Every client I get on the phone with right now, I ask the question, “What are you grieving today”? I receive a variation of responses. I observe anger, sadness, resistance, denial, depression, uncertainty, withdraw, moments of clarity followed by peace and confusion.
Why is it important now more than ever to recognize grief in our own lives? We are told “how” to grieve and “what” to grieve, when we are looking at “normal” life loss. For example, death, divorce, chronic illness or job loss. Our society turns around and will at least acknowledge this grief. We have been placed into a social category of acceptance, and supports tend to be more abundant in these areas.
The grief we are experiencing right now as a culture, and in our daily lives, is considered ambiguous grief. This basically means grief that is not socially accepted or recognized, because it has not been placed in the category of “normal”. At least, not yet.
When I was in graduate school studying the model of grief and loss by Kubler Ross, I was able to see how this could make “sense”, and how this model could relate to so many events and moments my clients and myself will go through in our short lives. A few weeks ago, as I found myself in some denial regarding the possibility of pandemic, I felt myself practicing resistance. I did not want everything in my life to change and certainly not at a fast rate. As things began to progress, I noticed a change in my clients and in the reflection work I do in the community.
I was in the middle of a conference call on Zoom, where there was more than 10 of us talking at the same time about these huge changes. I had the thought; this resembles grief work. Each time someone spoke, I could “hear” what stage of grief they were in.
“I am not going to work from home, I am not made to be a stay-at-home Mom”. -Anger
“I don’t think it’s really going to be that bad, I think people are getting worked up for no reason”. – Denial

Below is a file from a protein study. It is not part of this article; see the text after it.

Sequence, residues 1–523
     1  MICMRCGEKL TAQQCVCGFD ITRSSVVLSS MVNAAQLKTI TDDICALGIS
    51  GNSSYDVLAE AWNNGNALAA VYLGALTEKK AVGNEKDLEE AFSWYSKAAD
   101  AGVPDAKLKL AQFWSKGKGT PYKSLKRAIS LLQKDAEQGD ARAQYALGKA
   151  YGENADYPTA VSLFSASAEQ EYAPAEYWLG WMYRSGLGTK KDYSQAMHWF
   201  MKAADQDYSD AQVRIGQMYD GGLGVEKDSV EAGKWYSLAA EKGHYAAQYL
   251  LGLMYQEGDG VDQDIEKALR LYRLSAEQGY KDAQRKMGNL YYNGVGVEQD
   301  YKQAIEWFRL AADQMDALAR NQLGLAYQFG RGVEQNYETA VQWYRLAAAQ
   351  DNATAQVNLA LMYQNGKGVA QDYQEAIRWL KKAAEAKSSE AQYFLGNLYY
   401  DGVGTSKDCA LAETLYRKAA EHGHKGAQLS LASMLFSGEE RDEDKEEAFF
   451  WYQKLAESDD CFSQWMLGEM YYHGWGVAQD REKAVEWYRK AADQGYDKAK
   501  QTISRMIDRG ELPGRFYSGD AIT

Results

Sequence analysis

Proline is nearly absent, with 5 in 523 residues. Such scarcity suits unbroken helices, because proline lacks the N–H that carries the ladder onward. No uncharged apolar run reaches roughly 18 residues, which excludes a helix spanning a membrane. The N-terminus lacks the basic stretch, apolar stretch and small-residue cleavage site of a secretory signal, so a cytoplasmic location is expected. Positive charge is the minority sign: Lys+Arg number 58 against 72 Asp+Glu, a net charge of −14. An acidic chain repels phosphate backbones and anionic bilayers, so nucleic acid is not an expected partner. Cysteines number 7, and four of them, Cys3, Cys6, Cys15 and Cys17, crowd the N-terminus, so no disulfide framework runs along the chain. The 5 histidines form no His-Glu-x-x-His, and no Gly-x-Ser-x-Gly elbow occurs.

“I have already been asked to work from home, I have been for over a week right now, and I feel overwhelmed and irritated at my kids and husband most days’- Depression/Anxiety
It was in that moment, that I realized I needed to start talking to my clients and others in my life about the topic of grief. I began to tell people it is OK to grieve that your daughter is not going to prom and that is hard. It is Ok to grieve that you cannot see your spouse right now, because they are sick and you are healthy. It is OK to be angry that the event you planned, the trip you had, the wedding dress you purchased, the graduation ceremony you wanted to walk across the stage on is canceled. All of these things that are in the future, that we put energy into looking forward to are now gone. Or will be rearranged to look different at some point in time.
The interesting part about grief and loss, is, that it does not lie to you. It tells us exactly where we are at in that process. If we do not listen, it will get louder, until we slow down and pay attention. Our brains are designed to project into the future, or to ruminate about the past. We are not designed to sit well with the present moment. Being present can cause us large amounts of anxiety because we are unsure how to just be in the moment. We do not know how to “be” with grief and loss. Our brains by default are trained to run as quickly as we can away from emotional and psychological discomfort.